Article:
Why white collar WFH could mean bye bye business shirt

Thomas Pink Shirtmaker
Pink Shirtmaker, Jermyn Street

Where would London’s historical and once thriving Jermyn Street be without the business shirt? That’s the question being asked now white-collar-WFH has made this stalwart of the formal menswear trade somewhat redundant.

From the days of Beau Brummell flaunting his dandyism to the dress down, tie-less pre-COVID corporate world, the classic men’s shirt was a volume item sustaining many Jermyn Street brands despite sales of suiting and other formalwear items ebbing away over recent years. The business shirt was a guaranteed seller and many menswear chains and brands, on all price levels, had built their businesses upon it.

One of the first of the shirt brands to hit the rocks was TM Lewin. At the beginning of July it was announced that around 600 workers, over 85% of its workforce, would lose their jobs with the closure all 66 of its UK shops. The firm said most of its 700 workers would be laid off as it took all of its sales online. It came just weeks after Torque Brands, a subsidiary of Stonebridge Private Equity, bought the business in May with plans to restructure it.

In a statement, it said, “The decision to significantly reduce the scale of the business in order to preserve its future will regrettably result in job losses at TM Lewin, as a direct result of the closing of the store network as we right-size the business.”

TM Lewin
TM Lewin to disappear from the high street

TM Lewin is at the more affordable end of the market encouraging multi-buys on shirts and currently offering 4 shirts for £110. It needs volume to generate enough sales and help with cash flow. It also, along with all of these brands, needs men, and often women, to wear a fresh business shirt every day.

The business shirt is in big trouble, both here and over the pond. Brooks Brothers recently tweeted to its 71.2K followers “True story: a loyal customer once wore the same BB shirt for video calls on 70 consecutive days. When he told his colleagues, they didn’t bat an eye, they say ‘Oh, yeah,’ and they pull up two shirts hanging on the back of their chair.” Then there’s a link to “Shop shirts”.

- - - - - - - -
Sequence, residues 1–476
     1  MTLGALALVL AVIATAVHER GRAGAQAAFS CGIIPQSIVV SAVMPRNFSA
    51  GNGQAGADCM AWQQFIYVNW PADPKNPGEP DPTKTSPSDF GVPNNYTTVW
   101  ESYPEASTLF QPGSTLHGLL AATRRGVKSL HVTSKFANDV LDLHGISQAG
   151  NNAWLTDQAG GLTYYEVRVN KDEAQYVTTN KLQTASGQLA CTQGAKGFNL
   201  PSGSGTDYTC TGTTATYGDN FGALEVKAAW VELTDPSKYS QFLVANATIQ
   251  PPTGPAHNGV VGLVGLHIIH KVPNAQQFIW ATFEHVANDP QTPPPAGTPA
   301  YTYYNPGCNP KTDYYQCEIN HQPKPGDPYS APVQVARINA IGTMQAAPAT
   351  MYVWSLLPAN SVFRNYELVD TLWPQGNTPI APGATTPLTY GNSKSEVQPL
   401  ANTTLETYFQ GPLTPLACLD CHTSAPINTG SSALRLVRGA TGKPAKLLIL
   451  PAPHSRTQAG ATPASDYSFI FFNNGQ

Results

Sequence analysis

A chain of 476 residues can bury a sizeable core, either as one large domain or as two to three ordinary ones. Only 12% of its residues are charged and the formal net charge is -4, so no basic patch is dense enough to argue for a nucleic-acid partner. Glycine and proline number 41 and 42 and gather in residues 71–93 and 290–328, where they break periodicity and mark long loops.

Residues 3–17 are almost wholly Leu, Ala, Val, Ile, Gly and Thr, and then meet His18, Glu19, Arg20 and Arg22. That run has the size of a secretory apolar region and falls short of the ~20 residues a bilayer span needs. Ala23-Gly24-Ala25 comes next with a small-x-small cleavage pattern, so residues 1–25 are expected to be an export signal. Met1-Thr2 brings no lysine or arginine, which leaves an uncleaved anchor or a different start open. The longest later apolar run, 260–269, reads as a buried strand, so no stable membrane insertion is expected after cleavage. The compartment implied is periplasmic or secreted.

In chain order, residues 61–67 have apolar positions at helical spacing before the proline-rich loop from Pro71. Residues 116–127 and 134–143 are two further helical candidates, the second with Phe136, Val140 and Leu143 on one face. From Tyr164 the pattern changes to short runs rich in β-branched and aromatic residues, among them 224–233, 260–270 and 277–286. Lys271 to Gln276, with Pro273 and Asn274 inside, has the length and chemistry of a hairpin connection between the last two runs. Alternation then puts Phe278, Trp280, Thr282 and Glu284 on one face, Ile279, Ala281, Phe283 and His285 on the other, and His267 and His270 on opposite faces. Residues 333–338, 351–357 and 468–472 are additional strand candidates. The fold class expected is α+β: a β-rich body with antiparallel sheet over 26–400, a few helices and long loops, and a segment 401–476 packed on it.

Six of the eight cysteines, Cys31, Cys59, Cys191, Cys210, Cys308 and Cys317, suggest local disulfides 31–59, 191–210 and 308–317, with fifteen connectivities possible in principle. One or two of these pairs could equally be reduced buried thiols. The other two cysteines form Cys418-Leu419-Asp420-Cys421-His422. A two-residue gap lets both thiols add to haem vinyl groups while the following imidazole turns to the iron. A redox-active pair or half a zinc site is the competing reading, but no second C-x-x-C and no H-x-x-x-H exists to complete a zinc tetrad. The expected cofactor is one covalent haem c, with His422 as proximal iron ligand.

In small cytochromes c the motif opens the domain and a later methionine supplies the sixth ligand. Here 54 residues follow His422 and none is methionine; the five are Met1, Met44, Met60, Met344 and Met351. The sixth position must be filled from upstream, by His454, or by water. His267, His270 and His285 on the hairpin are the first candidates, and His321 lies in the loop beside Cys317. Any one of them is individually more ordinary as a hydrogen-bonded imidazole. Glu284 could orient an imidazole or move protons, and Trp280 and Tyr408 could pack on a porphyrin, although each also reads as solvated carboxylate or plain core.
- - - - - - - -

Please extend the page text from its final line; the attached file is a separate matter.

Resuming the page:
Wearing the same shirt for 70 consecutive Zoom days is not going to help with future sales.

While recently rescued from bankruptcy by venture backed apparel-licensing firm Authentic Brands Group LLC and mall owner Simon Property Group Inc., Brooks Brothers was teetering on the brink. America’s oldest apparel company was bought for $325 million and included a commitment to keep 125 Brooks Brothers stores open. The retailer has roughly 200 stores in North America.

Before the rescue Brooks Brothers had already announced it was shutting down its shirt factory in Garland, North Carolina, a move that will eliminate nearly 150 jobs in the small Sampson County town where the clothing maker is the largest employer.

The factory was the only one making the brand’s famous Oxford cloth button-down shirts left in the United States. It also announced a further two other factory closures in Long Island City, N.Y. and Haverhill, Mass., with a total of 700 job losses and the remainder of its “Made in USA” production facilities.

A spokesperson said in May, 2020: “It is likely that we will be closing our factories in Long Island City, N.Y.; Garland, N.C., and Haverhill, Mass. The factories are incredibly meaningful to our heritage and we value our employees. All opportunities on the table are still being explored to avoid this difficult outcome.”

Despite being part of the huge LVMH group, Pink Shirtmaker, the recent rebrand of Thomas Pink, announced the closure of its London flagship on the Jermyn Street after footfall continued to stall after the lifting of lockdown.

It re-opened its store when Government guidelines permitted on 15 June but has since decided to close it permanently. 

Sadly, it probably won’t be the last. As the furlough scheme is wound down, many men’s formalwear businesses will need a radical uptick in footfall and sales if they are to sustain themselves on one of London’s premier streets. As leases need renewing, many will be thinking twice as the business shirt is the crux on which other sales also rely upon. You’re not going to buy a tie if you’re not wearing a shirt.

Jermyn Street: is its character under threat?

What was once a thriving and robust category, the men’s business shirt was the last thread holding the venerable formal menswear sector together. While the neck tie and traditional suit may well have been made redundant, some time ago, the business shirt was still flourishing until COVID-19 relegated every office worker to working from their spare room.

Without the daily West End hedge funders and tourists, Jermyn Street’s character and importance could be under jeopardy. Jermyn Street is bigger than a single street, it is a description of traditional British menswear rooted in history and centuries of menswear evolution, and represents the entire segment.

If WFH becomes the new norm, what hope is there for the business shirt category and its associated brands? Will this be a temporary blip or will this have devastating consequences for both Jermyn Street and the entire formal menswear industry?

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